- Secondly, your credit score affects the interest rate you receive from the lender. The rate, in turn, will determine whether or not it makes sense to refinance your home. Getting a good rate is the key to success when refinancing. And your credit score plays a big part.
Here are more reasons to check your score before applying for a loan.
You should also find out how much you still owe on your original mortgage, and what your house is worth in the current market. These two numbers are needed to measure your equity. For example, if I still owe $300,000 on a home that is worth $400,000, I would have 25 percent equity. I have $100,000 worth of equity, which is 25 percent of the $400,000 value.
What does this have to do with the mortgage refinancing process? Plenty. If you don't have enough equity in your home, you won't be able to refinance your loan. The exact requirement will vary from one lender to the next. You will probably need 5 - 10 percent equity to qualify for refinancing. But don't take these numbers as gospel. That's what most lenders require, but there are exceptions to every rule.
Your current mortgage lender / loan servicer can tell you how much you owe on your loan. You can get a rough idea of your property value by looking at comparable sales in the area. You could also have the house appraised by a professional home appraiser, if you want a more accurate assessment of the market value. Or you could just apply for refinancing and let the mortgage lender send an appraiser out. Either way, your equity will come into the picture eventually. And it could make or break your chances of getting the loan.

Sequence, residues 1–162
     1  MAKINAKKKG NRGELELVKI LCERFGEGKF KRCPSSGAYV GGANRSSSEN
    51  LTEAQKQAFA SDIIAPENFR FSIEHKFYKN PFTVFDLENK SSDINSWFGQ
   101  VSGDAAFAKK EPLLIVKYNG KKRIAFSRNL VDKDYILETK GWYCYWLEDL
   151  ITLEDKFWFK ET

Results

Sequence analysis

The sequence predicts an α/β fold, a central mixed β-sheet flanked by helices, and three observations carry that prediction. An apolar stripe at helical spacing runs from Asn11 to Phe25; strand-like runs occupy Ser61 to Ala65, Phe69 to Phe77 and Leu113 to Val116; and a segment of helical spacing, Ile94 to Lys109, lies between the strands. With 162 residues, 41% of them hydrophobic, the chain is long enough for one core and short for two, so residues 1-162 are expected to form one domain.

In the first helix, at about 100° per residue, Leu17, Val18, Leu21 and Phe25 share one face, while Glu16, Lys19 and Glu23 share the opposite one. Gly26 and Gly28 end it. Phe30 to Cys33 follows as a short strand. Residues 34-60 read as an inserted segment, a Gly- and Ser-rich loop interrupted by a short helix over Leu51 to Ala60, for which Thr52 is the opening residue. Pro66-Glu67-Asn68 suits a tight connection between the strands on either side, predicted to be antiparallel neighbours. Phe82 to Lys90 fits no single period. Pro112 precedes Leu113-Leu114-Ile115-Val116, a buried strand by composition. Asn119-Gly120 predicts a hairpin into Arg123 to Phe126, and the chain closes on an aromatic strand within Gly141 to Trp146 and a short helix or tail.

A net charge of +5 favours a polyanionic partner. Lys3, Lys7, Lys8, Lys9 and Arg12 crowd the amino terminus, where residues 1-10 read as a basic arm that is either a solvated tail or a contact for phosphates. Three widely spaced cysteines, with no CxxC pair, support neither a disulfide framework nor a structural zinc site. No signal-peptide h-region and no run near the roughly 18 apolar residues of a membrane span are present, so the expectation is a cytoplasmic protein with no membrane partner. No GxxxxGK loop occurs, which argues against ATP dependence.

Step 2 - Apply for the Loan
You should be familiar with this step in the mortgage refinancing process, because you've been through it before (on the purchase side). So there's not much to explain here. The lender will probably have you fill out the standard application. which is the Uniform Residential Loan Application. You can see examples of this document online. Just do a Google search for "Fannie Mae form 1003" or "Freddie Mac form 65."
Once you complete the application, the lender will request additional documents from you. You might remember this from when you first purchased the home. The only difference is that lenders today are asking for a lot more documentation than they did in the past. It's harder to get a mortgage loan today, due to the ongoing housing crisis. So you might be surprised at the number of documents they require. At a minimum, it will be the usual suspects such as bank statements and tax records.
3. Find Out if It Makes Sense to Refinance
Does it even make sense for you to refinance your home? A drop in interest rates doesn't necessarily mean it's a good time for a refi. You need to look at the amount of money you'll save on your monthly payments, and then project those savings over the number of years you'll remain in the home. That's the next step in the mortgage refinancing process, and it's Part 2 of our tutorial:
Disclaimer: This article explains the process you will go through when you refinance your home loan. This article is for educational purposes only. It is not meant to take the place of the mortgage pre-approval process. Only a lender can tell you if you are qualified for refinancing under their particular guidelines.